- Historic Sites
A Heart’s Love For New Orleans
The modern city plays host to conventions and tourists, but it still retains the slightly racy charm that has always made it dear to its natives
April 1988 | Volume 39, Issue 3
My favorite time of year in New Orleans is early September, hurricane season, when the city is at its most elemental. Days begin clear and tolerably cool, but by noon the heat is blaring. After lunch massive banks of clouds begin to roll in from the Gulf, and then, most days, the sky turns a purplish color and there’s a midafternoon down-pour, very heavy but brief. After an hour the sun is out again, and you can see the vapor rising off the pavement, which gives off a sharp wet smell. All the vegetation takes on the intense, unreal green of an early color film. By five o’clock it is intensely hot again, and the heat doesn’t break until after dinner. Part of the attraction of going out at night for New Orleanians is that so much of the day, for half the year, is spent cosseted against the heat. The nights are cool and moist; after midnight a low fog sometimes crouches in the street bottoms.
The brief, clear, washed period just after the rain is the best time to drive a little ways outside the city to get a feeling for what, originally and fundamentally, New Orleans was up against. There’s a spectacular fifteen-mile stretch of Interstate 10 on the way to Baton Rouge—between the airport and the town of Laplace—that takes you across the Bonnet Carré Spillway, a flood-control channel between the river and Lake Pontchartrain. Here you get a sense of New Orleans blending indistinctly with marshland at its edges. Fifteen miles from town in another direction, to the south, are tiny bayou fishing villages like Barataria and Lafitte, whose relationship to the swamp seems to be one of well-earned mutual respect. If you drive back to town on any of the older highways, you’ll be able to get a whiff of old-fashioned Southern roadhouse-vegetable stand -prayer meeting rural life. New Orleans is deeply surrounded by the country as well as the water.
There are a couple of other excursions that are absolutely mandatory. At the foot of Canal Street you can catch a vast, creaky, free ferry that goes to Algiers, an outpost of the shotgun-house culture on the other side of the river that’s worth walking around in. (For some reason, Allen Ginsberg and William S. Burroughs once lived there.) The ferry is the best place from which to see the ancient wharves and the traffic on the river, and it gives a wonderful view of the French Quarter roughly as it would have appeared to people arriving in New Orleans by boat back in the days when that was the only way to get there.
The other required excursion is to some of the cemeteries. New Orleans takes death seriously. Graves are aboveground because, as legend has it, the water table is so high; elaborate because family, memory, and melancholy are so important; and tend slightly toward ruin, for the reasons given by Lafacadio Hearn. The oldest and most famous cemeteries in New Orleans are St. Louis Cemetery No. 1 on Hasin and St. Louis streets and St. Louis Cemetery No. 2. between Iberville and St. Louis streets along North Claiborne Avenue. Marie Laveau, the voodoo queen, is buried there, and the cemeteries were the setting for the bad-trip scene in Easy Rider. Odd Fellows’ Rest, out at the end of Canal Street, is the most spectacularly disheveled of the cemeteries, and Metairie, nearby, gets the carriage trade. My favorite cemetery is Lafayette Cemetery No. 1. in the Garden District, a lovely walled necropolis with whitewashed tombs.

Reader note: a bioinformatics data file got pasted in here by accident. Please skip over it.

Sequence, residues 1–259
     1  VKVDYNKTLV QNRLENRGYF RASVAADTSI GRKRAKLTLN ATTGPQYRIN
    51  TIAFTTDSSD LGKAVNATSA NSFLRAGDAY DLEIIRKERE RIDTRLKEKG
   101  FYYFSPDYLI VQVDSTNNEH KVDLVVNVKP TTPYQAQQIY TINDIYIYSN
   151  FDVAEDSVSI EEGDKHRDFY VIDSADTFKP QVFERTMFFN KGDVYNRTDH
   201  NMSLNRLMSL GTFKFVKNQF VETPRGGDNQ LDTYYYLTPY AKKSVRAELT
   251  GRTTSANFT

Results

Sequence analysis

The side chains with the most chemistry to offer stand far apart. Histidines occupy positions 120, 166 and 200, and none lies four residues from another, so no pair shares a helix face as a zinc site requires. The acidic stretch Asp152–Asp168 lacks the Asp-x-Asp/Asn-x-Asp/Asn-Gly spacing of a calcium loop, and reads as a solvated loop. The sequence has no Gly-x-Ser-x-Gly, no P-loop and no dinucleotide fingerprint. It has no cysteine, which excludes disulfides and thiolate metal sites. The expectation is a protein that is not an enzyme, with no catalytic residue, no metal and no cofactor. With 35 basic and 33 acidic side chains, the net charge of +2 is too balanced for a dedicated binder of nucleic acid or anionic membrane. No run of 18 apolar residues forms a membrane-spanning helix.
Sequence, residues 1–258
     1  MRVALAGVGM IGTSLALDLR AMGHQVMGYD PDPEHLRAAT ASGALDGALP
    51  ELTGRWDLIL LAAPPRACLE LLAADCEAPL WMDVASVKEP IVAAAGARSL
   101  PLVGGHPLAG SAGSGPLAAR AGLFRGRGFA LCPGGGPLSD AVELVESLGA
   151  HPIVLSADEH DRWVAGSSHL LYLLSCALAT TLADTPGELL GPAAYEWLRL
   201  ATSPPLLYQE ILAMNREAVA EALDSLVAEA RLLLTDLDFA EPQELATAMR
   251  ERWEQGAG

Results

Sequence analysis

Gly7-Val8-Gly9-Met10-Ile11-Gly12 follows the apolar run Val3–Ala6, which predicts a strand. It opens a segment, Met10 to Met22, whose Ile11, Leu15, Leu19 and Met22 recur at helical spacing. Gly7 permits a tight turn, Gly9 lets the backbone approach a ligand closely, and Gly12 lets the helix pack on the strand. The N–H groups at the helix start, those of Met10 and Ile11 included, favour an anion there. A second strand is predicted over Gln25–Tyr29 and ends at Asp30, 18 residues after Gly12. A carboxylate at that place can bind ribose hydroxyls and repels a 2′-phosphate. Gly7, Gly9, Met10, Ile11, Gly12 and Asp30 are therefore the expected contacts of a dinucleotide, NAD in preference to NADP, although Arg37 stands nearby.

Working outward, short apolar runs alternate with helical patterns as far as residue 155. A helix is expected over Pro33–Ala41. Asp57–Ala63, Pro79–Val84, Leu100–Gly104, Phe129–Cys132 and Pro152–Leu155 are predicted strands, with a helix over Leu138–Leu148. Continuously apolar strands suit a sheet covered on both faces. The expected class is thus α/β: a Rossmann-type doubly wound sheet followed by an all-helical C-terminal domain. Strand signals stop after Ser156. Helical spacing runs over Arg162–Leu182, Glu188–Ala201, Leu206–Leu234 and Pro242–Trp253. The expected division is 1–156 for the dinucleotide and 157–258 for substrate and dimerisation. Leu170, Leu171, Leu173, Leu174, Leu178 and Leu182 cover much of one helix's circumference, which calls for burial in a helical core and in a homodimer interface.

A final obscure spot to visit by car is the Schwegmann Giant Super Market on St. Claude Avenue, in the heart of the blue-collar Ninth Ward. This is where Tennessee Williams’s Stella Kowalski would shop. It’s supposed to have been the world’s biggest supermarket when it was built, and it draws Huey Long’s “little people” (or, by now, their grandchildren ) of both races. You can buy ammunition, a wedding ring, or gaze in awe at endless display cases filled with fresh redfish, okra, Dixie beer, and Zatarain’s Crab Roll, all in an atmosphere of Essence of Local Color.
Most of a big city’s secrets are plainly unknowable. But in New Orleans they’re within, and at the same time just slightly out of, reach.
Otherwise, the older sections of New Orleans reward the aimless walker. From Canal Street, wandering downriver through the French Quarter will take you past Jackson Square and the Café du Monde, another tourist spot that the locals like too, and then into a sagging two-hundred-year-old neighborhood where you catch glimpses of anemic, fern-clogged fountains splashing in interior courtyards. At the end of the Quarter is Esplanade Avenue, with its huge, subdivided old clapboard houses, and if you cross it, you can travel endlessly through quiet neighborhoods where the sidewalks are buckled from oak roots, where old people sit on their porches all day, and where the corner bars do a desultory but never-ending trade. Going in the other direction, upriver, from the Quarter leads through downtown, where you can still sometimes see men in linen suits nodding cordially to each other on the way to their clubs at lunchtime: then across Poydras Street, at the end of which the Louisiana Superdome hulks menacingly; and then up through Coliseum Square, an early fancy American neighborhood that has remained stately through its long decline; and finally to Magazine Street, whose bars and often generously named “antique shops” stretch on into infinity.